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After hanging his free speech credentials on his merciful inaction against an account that tweeted the live location of his private jet – which he had tried to get removed in the past – Elon Musk has now reversed course and banned the @ElonJet account, while also overseeing an update in Twitter’s platform policies that will outlaw live location tracking entirely.

Which could be problematic, in various ways.

First, on the rule change – following an incident involving his young son, Elon Musk decided that enough was enough, and called on his team to implement new rules around location tracking.

As explained by Twitter:

“When someone shares an individual’s live location on Twitter, there is an increased risk of physical harm. Moving forward, we’ll remove Tweets that share this information, and accounts dedicated to sharing someone else’s live location will be suspended.”

The actual wording in Twitter’s rules specifically outlaws:

“Live location information, including information shared on Twitter directly or links to 3rd-party URL(s) of travel routes, actual physical location, or other identifying information that would reveal a person’s location, regardless if this information is publicly available.”

According to Musk, a stalker had used location tracking data to follow his car, which resulted in the man stopping the car and jumping onto the hood, while his young son was inside.
Musk himself was not in the car, but the incident was enough to highlight the dangers of location tracking to Elon, who decided to take immediate action against the @ElonJet account specifically.

Though whether that actual account played any part in the incident is questionable, as flight data logs are publicly available from various sources, and that tracking data obviously doesn’t extend to car tracking or anything else.

Still, Elon’s making a move – but changing the platform’s rules wholesale could have expanded impacts that Twitter 2.0 may not have thought through with this quick update.

For example, based on this wording, a government could theoretically call on Twitter to ban all tweets that include, say, footage from a protest action, as that would be sharing the live location of the people noted in any attached video or image.

That’s part of what Twitter actually did last year, under request from the Indian government, amid violent protests over agricultural reforms.

As reported by Time:

“Farmers used tractors to tear down police barricades, and videos of police attacking protesting farmers circulated on social media.”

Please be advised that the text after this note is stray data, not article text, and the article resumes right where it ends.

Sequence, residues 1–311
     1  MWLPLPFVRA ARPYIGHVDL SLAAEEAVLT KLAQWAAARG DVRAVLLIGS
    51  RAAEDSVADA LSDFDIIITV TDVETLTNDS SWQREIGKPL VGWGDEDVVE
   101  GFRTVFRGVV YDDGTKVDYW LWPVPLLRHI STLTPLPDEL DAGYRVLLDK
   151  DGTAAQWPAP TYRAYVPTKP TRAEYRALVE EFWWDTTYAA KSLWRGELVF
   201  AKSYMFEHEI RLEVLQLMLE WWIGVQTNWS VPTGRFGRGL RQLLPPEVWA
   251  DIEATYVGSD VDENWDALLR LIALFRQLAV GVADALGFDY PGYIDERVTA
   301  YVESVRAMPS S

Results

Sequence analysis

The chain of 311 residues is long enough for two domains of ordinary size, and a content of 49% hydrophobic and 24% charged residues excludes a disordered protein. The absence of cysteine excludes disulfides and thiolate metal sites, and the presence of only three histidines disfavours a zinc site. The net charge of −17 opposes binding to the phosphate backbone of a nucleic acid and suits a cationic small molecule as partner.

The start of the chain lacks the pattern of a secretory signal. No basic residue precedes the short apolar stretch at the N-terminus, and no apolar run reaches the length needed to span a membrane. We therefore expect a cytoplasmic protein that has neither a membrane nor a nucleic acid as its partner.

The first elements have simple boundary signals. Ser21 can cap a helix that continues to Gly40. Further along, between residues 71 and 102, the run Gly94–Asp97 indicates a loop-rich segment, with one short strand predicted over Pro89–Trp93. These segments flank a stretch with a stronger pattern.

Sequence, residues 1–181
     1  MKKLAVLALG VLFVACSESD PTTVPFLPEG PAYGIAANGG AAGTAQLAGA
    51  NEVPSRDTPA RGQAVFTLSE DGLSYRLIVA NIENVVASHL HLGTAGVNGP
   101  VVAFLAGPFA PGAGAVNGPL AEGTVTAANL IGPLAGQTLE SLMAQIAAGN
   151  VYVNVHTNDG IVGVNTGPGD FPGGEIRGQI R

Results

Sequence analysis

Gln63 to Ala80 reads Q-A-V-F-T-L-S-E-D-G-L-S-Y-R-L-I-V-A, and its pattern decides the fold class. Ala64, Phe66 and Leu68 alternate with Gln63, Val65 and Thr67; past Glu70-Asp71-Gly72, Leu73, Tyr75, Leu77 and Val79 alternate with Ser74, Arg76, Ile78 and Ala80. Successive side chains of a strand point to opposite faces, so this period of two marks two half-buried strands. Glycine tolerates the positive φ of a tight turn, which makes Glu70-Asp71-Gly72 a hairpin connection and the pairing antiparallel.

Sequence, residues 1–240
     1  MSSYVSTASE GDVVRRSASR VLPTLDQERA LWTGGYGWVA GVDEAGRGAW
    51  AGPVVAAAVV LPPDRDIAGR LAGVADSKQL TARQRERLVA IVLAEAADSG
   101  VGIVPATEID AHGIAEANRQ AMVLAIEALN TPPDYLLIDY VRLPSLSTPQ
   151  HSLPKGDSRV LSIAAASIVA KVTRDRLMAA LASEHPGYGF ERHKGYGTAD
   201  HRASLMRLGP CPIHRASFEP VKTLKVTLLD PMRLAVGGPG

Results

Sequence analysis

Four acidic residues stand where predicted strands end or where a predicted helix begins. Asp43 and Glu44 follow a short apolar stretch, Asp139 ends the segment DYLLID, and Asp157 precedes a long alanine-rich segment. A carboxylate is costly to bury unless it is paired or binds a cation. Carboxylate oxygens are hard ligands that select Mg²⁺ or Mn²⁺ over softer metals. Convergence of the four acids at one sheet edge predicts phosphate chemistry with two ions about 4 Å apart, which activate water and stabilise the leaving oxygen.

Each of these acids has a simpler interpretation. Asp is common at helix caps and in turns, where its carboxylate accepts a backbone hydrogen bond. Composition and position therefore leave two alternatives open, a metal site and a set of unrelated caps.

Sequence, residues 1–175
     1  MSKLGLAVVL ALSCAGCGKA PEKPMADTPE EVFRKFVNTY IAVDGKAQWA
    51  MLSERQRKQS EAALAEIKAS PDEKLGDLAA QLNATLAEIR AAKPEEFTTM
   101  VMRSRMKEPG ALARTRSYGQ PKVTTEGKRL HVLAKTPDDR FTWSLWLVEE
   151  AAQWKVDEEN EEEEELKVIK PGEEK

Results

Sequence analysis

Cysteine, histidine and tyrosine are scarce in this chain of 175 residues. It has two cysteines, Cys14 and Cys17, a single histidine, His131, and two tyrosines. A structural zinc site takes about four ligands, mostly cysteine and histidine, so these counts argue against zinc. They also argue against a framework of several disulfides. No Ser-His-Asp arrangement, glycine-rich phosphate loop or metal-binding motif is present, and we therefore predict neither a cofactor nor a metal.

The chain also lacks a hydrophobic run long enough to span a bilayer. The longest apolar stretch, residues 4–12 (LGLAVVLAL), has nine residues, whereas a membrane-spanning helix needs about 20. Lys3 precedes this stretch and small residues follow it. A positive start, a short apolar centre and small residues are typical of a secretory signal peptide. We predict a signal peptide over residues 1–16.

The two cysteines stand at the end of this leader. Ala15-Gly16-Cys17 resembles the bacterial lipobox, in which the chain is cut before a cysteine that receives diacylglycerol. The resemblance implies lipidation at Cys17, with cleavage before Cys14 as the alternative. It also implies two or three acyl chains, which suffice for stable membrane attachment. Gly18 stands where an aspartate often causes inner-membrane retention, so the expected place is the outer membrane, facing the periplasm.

Footage of the protests, which was subsequently distributed via social apps, threatened to undermine the government’s authority, which led the Indian Government to call on Twitter to remove all mentions of the protest action, and suspend accounts sharing it.

Which Twitter did, before reversing that decision days later.

As Twitter noted:

“We will continue to advocate for the right of free expression on behalf of the people we serve. We are exploring options under Indian law — both for Twitter and for the accounts that have been impacted. We remain committed to safeguarding the health of the conversation occurring on Twitter, and strongly believe that the Tweets should flow.”

The incident sparked ongoing tensions between the company and the Indian Government, with Twitter maintaining that it was illegal for the Government to restrict the rights of citizens to document the protest action.

But now, Twitter may have inadvertently provided a new pathway for legitimate censorship of such, whenever any government chooses to shut it down.

Because effectively, under this new clause, any live or real-time update that includes anyone else, other than the account holder, is actually against the rules, and should be removed. That’s not what the intent of the rule is, but without specifics factored into the wording, it could apply to a lot of different use cases, and could absolutely facilitate censorship, in many ways.

Twitter has said that content that shares location information related to a public engagement or event, such as a concert or political event, is still permitted, while it will also factor in intent, including whether the information has been shared during a crisis situation. But it’s not clear how that might relate to protests and unofficial gatherings, which could provide a new opportunity for censorship.

In essence, Twitter’s new team has rushed through an update that could have far-reaching implications, seemingly at the whim of its new, billionaire owner, who continues to shape the platform based on his own personal experience.

There’s also no small irony in this announcement coming just a day after reports that Twitter has also been considering a new push to force users to share their location information to assist with ad targeting in the app.

Increasingly, it seems that Twitter’s ‘free speech’ approach will come with certain conditions, with those specific parameters being dictated by its high-profile chief.

Will that be workable? Can Twitter actually function in an even-handed, more open way while Elon is also bringing his own bias and experience into the mix?

It seems like there’s still some work to be done to establish optimal process at Twitter HQ.